Benefits and Compensation, HR Management & Compliance

Washington Could Be Seventh State to Allow Same-sex Marriage


Legislation is wending its way through both chambers of the Washington State legislature that if enacted would make Washington the seventh state where same-sex marriage is legal. It could happen: a sufficient number of Senators for passage in that chamber have said they would vote for it if it reaches the Senate floor, and Gov. Chris Gregoire (D) said earlier this month that she would sign a measure
legalizing same-sex marriage in her state if it reaches her desk.

The Senate Committee on Government Operations and Tribal Relations & Elections held an executive session concerning the bill on Jan. 26. In a 4-3 vote, the committee approved a version of Senate Bill 6239 that reflects the House version, H.B. 2516.

The basic provisions of the legislation would:

  1. allow same-sex couples to marry;
  2. exempt religious organizations from (1) having to solemnize a same-sex marriage and (2) providing accommodations, goods and services related to the solemnization or celebration of such a marriage; and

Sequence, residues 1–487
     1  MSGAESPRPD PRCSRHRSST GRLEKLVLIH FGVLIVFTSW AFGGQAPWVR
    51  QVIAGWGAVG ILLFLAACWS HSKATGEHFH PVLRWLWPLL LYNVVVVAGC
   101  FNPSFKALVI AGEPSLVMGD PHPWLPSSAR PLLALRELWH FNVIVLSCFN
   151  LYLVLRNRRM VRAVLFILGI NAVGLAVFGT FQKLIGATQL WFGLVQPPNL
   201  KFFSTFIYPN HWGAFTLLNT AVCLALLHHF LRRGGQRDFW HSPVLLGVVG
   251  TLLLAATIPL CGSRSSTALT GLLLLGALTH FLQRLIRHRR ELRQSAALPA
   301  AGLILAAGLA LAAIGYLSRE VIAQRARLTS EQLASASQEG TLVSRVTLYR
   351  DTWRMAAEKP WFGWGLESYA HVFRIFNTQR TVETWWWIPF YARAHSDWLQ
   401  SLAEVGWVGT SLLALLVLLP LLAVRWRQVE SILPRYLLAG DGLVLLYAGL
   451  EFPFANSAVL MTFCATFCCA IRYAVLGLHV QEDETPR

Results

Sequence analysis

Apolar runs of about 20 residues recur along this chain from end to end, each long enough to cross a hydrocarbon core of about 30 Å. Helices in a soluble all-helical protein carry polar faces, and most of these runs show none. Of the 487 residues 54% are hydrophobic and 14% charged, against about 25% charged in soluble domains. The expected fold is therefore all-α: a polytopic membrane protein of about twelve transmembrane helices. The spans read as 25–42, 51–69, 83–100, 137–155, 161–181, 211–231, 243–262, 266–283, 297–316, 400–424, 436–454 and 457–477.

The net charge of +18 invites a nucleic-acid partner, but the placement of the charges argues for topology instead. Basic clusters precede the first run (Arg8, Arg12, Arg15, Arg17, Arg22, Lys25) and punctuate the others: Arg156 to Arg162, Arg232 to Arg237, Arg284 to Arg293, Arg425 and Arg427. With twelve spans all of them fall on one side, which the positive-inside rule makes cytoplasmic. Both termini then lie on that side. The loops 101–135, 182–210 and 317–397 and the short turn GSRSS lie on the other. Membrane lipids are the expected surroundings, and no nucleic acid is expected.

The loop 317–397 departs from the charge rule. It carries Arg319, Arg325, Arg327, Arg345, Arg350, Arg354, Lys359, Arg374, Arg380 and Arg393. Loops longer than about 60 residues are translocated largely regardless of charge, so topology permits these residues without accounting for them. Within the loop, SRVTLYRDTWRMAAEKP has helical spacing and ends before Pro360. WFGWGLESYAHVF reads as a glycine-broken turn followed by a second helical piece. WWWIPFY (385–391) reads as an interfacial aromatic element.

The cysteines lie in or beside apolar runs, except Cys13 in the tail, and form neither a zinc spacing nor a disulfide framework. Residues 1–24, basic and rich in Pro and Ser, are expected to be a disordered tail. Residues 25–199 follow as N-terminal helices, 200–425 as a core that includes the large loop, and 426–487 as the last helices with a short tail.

3. provide that a state-registered domestic partnership in which the parties are of the same sex and under the age of 62 will be merged into a marriage as of June 30, 2014, unless the parties marry or dissolve their domestic partnership before that date.
  4. The House Committee on the Judiciary is set to hold an executive session on the House version, H.B. 2516, on Jan. 30. After committee action in the House and Senate is finished, each chamber must take up the legislation.

What This Means for Employers

At this point, employers do not need to make provision for same-sex spouses in Washington State. If the legislation becomes law, employers will then need to adjust their
policies and procedures to accommodate the expansion of who a spouse may be under the law in that state.

But even if the measure does become law in Washington state, employers need to remember that federal law and regulation do not recognize same-sex marriages and do not
accord the same treatment and protections to same-sex spouses as they do to opposite-sex spouses.

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